Study Abroad Spotlight: Urbino, Italy

By Nicole Chavez

(December 7, 2011) -- For the Fall 2011 semester, 12 UTSA students embarked on the College of Architecture’s first-ever study abroad trip to Urbino, Italy. The Urbino program is one of two full-term, study-abroad programs for CoA students — the other is in Barcelona, Spain — which have been chosen for their extraordinary histories and cultures, influential art and architecture, and rich atmospheres conducive to creativity and learning. Prior to the launch of the Urbino program, CoA students had the option to experience Italy through participating in the Castiglion Fiorentino program. At the Urbino location, a World Heritage Site notable for its historical legacy of independent Renaissance culture, students and faculty study in the walled city in the Marche region of Italy.

Urbino developed and thrived in the 15th and 16th century, especially under the patronage of Federico da Montefeltro, Duke of Urbino from 1444 to 1482, and former resident of the Palazzo Du-cale. The city, nestled on a high sloping hillside, yet only 45 kilometers from the Adriatic Sea, retains much of its picturesque medieval aspects. It hosts the University of Urbino, founded in 1506, with which UTSA has a MOU for teaching, learning, and research activities. Students are housed and provided studio space just outside the city walls, in a campus facility designed by renowned architect Giancarlo De Carlo.

Dr. John Alexander, a CoA Associate Professor who led the Urbino program with Lecturer Darryl Ohlenbusch, said the President of the University, Carlo Bo, fostered an intriguing relationship with De Carlo — the genuine symbiosis between Bo and De Carlo led to the protection of the historical context of Urbino and its territory on one hand, and the development of the facilities for the university on the other. Thus, the residential colleges were built outside the town, and Alexander describes them as interesting experiments in modern architecture. He recounts solutions within the buildings that take advantage of the topography and views, create social spaces in different locations by having people’s paths cross, and enliven space with natural light.

“In Urbino itself, you’ve got a wonderful historical context,” said Alexander. “There’s fantastic countryside that has been preserved well, and there are also outstanding examples of modern architecture. It’s an amazing setting for architecture students.”

In addition to being an inspiring architectural environment, Urbino is also a socially enriching setting. The UTSA contingent was surrounded by Italian students, which led to better immersion and created an international experience in which the students developed personally. Alexander describes Urbino as a college town in which the UTSA students were comfortable spending their weekends; plenty of social activity and benefits like a movie theater put them at ease.

“It was wonderful to see students who were initially nervous about spending a semester in a foreign country embrace the outward bound experience and realize they can thrive in unfamiliar settings,” said Alexander. “People are people after all and, though Italy is vastly different from the United States, the ways in which it is different are actually quite enlightening.”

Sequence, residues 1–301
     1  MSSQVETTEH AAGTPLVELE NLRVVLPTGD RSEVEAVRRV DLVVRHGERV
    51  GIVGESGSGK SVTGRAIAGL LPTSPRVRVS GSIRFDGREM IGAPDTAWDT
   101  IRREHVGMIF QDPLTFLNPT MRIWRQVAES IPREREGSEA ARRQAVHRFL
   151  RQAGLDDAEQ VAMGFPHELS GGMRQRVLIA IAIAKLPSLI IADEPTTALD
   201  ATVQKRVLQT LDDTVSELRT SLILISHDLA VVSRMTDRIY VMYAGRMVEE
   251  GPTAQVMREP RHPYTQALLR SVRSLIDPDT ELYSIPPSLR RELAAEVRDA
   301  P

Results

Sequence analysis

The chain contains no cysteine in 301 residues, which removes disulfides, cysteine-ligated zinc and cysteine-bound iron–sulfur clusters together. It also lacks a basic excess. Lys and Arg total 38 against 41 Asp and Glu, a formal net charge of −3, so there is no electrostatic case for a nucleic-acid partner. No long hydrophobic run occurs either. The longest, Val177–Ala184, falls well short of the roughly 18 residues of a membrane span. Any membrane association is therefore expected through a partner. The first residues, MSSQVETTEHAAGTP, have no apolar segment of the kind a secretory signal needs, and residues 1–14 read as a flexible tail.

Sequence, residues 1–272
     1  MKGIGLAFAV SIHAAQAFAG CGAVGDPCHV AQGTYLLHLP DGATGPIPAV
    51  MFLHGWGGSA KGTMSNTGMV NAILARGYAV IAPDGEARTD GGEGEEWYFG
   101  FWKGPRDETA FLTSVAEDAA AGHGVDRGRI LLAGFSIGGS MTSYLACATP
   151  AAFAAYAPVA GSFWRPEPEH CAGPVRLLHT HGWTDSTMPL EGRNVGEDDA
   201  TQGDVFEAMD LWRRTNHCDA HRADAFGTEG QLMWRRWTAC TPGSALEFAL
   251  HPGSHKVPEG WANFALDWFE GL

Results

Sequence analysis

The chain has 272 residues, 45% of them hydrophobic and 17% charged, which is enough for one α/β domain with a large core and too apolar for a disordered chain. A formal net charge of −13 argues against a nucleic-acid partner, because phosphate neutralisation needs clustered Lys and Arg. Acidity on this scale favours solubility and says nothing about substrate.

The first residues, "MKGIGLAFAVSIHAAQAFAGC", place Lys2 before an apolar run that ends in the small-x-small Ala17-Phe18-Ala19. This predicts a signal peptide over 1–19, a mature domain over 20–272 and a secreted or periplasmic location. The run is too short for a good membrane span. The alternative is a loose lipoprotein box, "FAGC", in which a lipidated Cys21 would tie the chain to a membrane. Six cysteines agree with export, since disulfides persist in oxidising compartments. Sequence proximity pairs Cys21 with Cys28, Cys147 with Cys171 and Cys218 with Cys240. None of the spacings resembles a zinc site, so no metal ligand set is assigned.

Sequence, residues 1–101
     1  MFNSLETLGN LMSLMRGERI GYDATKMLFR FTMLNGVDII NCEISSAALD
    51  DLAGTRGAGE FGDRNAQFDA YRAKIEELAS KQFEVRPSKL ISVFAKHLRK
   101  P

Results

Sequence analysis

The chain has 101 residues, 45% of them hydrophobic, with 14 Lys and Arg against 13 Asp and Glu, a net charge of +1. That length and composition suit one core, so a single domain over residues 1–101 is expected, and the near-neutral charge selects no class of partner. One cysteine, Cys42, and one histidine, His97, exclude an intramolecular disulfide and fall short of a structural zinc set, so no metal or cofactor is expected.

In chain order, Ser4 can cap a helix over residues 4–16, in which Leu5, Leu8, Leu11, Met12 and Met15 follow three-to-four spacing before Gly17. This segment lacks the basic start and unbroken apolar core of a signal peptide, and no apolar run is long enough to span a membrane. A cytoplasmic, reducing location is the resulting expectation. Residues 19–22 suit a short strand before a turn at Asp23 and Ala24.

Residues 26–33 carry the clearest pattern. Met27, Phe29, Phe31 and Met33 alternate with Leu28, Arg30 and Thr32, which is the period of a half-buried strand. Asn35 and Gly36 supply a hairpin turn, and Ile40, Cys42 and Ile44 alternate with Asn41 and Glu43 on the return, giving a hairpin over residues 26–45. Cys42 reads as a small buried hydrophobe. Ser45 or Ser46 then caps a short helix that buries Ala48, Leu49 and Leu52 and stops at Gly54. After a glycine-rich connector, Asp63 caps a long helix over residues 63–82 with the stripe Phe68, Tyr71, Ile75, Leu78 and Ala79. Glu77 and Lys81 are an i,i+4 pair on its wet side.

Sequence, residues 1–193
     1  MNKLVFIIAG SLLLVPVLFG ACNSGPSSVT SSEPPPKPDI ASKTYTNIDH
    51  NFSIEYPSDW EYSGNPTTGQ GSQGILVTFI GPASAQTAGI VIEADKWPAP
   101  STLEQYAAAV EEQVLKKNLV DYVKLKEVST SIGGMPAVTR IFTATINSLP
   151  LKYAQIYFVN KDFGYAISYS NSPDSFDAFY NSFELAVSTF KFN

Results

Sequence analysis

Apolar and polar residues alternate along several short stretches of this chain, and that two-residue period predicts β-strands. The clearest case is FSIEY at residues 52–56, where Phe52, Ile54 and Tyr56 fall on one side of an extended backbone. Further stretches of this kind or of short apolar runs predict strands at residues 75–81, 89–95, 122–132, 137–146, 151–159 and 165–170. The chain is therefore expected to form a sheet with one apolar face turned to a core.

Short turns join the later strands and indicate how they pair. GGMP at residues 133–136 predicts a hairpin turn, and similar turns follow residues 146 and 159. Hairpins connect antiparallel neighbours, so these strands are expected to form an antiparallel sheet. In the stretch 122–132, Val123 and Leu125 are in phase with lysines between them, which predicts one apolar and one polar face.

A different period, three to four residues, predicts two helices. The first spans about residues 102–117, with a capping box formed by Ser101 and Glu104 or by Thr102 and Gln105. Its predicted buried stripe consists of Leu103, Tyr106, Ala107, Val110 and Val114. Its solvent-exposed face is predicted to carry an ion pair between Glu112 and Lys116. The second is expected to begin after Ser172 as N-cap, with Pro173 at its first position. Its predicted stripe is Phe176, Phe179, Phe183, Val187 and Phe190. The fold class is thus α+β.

Alexander said the academic program developed for the students was based on a design studio he co-taught at UTSA with Prof. Jon Thompson, in which students were engaged in a study of historical examples of classical architecture (mostly in the King William Historic District), Louis Kahn’s approach to the classical tradition, and his employment of certain principles of the classical period. After the crash course in Classicism, the students read essays that Kahn had written, analyzed Kahn’s modern buildings to identify the classical principles utilized, then attempted to bring classical goals into their own modern designs. Alexander considered the process worthwhile to take to Urbino, adding a history of theory course and a drawing and watercolor class, which gave the students some experience in the media that were used in a Beaux Arts education.

“Rather than being an isolated design studio within a larger curriculum, it turned into a full immersion in Italy by studying the historical architecture, using it, then finding a way to analyze it critically and bring desired principles or goals into the students’ own modern designs,” said Alexander.

Ohlenbusch taught the second half of the Urbino semester, while Alexander took the initial shift. Under Ohlenbusch, the students were introduced to architects from Milan who took over De Carlo’s practice after his death. The architects gave a presentation of De Carlo’s sketches and drawings, which included the campus students have been living on, and led a tour of two De Carlo projects in the city center. The students’ work over the course of the semester culminated in the presentations of their final projects, in which they displayed schematic and detail drawings rendered in watercolor for an Arts Academy building in Urbino. Thanks to coverage by the local Urbino newspaper, Il Resto del Carlino, the student presentations were a high-profile public event within the city. Regional architects and other professionals in the field attended the student presentations and offered critical reviews, while the City of Urbino and the Il Resto del Carlino participated as well.

“It was a learning experience for all of them,” said Alexander. “They certainly learned about classical design in a few short weeks, but I think it also gave them some insight into the design process in general, whether or not they ever utilize the classical system in an overt way in their designs. It might be years down the road, in graduate school, when something suddenly clicks and they begin relying on some of these lessons.”